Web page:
And there is the environment.  Rapid development never looks very pretty.  Oil drilling equipment is strewn about everywhere.  Natural gas is being burned off in flares (something I hadn't seen in years) because there are no pipelines to capture it. 

I hope some sociologists and historians are out here doing research.  It would help us understand that Colorado boom town.

The weekly paper is shot through with issues of the relations of business to government.  The city is ticked that the state isn't giving them enough revenues back from what the state collects.  The Bureau of Land Management is being castigated for standing in the way of progress (cut the government!) – and for not inspecting oil wells fast enough because they lack the money to do so.   A school district, which had lost money due to sequestration cuts has made up for it by increased federal subsidies to districts that have to support students who live on federal tax-exempt land.  A third of its' budget comes from federal payments.  This school district is building houses for its teachers.  Residents of a local trailer court are protesting rent hikes and want – seriously – the government to impose rent control.  How socialist of them.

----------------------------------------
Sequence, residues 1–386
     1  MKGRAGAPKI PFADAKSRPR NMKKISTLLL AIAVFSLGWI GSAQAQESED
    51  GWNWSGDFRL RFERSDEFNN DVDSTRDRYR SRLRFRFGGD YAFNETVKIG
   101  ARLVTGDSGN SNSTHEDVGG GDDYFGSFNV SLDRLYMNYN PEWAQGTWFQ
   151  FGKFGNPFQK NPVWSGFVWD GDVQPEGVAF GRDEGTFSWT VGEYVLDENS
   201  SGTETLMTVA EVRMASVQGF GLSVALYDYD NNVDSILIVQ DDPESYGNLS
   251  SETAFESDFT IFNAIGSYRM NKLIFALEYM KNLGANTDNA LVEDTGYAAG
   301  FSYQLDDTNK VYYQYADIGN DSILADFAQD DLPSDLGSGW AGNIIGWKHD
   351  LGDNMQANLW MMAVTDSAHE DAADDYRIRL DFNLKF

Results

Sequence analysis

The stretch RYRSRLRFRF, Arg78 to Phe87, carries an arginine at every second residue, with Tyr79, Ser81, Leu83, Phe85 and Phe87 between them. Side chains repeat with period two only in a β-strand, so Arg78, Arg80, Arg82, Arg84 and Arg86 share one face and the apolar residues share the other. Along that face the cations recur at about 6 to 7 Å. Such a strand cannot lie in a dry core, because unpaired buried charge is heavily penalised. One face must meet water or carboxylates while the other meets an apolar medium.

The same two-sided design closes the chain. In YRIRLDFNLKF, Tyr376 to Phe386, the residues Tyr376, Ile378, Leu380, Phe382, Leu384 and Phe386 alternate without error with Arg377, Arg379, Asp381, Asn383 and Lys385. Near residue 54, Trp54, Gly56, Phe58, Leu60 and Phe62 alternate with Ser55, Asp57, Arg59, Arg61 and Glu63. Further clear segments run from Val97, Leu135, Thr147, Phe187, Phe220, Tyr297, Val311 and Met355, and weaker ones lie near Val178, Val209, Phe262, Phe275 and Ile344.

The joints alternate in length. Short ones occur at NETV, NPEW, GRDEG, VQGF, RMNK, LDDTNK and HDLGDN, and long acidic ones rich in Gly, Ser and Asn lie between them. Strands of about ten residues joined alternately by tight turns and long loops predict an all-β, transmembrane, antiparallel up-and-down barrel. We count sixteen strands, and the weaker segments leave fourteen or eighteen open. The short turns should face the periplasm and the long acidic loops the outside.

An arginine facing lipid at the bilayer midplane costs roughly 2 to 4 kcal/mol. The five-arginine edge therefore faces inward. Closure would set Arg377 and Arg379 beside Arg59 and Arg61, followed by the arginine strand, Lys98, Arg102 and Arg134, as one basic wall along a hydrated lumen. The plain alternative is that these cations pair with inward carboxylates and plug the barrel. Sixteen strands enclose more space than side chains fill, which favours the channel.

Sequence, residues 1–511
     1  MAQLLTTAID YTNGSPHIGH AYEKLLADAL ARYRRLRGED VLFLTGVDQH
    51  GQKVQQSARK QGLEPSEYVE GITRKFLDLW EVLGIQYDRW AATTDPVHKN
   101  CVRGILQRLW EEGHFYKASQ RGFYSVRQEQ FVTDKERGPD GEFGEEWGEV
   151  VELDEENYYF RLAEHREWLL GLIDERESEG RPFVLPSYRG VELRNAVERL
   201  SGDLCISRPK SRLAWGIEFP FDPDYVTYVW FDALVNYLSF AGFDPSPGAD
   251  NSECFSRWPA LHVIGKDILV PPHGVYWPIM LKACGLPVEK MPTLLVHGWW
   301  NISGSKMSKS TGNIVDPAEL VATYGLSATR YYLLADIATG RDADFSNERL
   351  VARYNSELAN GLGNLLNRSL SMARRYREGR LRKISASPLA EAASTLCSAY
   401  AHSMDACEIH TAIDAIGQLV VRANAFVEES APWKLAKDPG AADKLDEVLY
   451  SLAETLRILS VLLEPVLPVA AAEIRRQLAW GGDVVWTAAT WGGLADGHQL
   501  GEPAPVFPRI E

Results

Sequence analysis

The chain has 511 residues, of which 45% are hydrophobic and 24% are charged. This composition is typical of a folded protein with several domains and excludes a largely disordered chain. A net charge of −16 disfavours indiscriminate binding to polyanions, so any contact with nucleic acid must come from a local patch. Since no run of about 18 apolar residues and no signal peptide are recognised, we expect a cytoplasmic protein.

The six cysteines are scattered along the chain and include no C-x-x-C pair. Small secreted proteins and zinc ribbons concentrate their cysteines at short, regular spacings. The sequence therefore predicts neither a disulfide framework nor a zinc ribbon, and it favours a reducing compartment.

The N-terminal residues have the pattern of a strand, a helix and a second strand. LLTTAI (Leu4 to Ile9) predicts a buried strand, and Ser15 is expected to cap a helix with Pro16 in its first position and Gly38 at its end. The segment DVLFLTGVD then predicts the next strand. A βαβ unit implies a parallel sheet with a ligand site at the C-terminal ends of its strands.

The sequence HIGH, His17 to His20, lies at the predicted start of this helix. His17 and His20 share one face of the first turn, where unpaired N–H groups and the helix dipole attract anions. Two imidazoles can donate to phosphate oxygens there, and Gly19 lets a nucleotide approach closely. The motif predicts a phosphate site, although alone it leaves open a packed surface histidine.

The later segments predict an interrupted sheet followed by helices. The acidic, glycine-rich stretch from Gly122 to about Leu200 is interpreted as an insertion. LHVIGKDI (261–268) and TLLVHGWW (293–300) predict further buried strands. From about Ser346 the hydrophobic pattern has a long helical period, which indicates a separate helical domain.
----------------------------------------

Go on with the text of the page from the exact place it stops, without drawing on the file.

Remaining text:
This paper, and the radio show just how impoverished our language is for discussing the economy's relation to government.  No matter what is happening, the government is wrong.  The talk show host is on a rant about how the BLM won't let you ride your four-wheeler on "your land", by which he means federal land, which he demands be "returned to the states" (that's another government, isn't it?), states that hadn't been formed at the time the feds gained control of the land.

Government is always wrong, even if it is one government complaining about another government.  And even when the demand is that the government do something – like stop letting people with less than a year of experience be in charge of inspecting a pipeline, or inspect those oil wells, or build some roads – the solution is never mentioned, because the solution is to fund those activities.  Then, after a short silence, someone goes on to demand that government get smaller.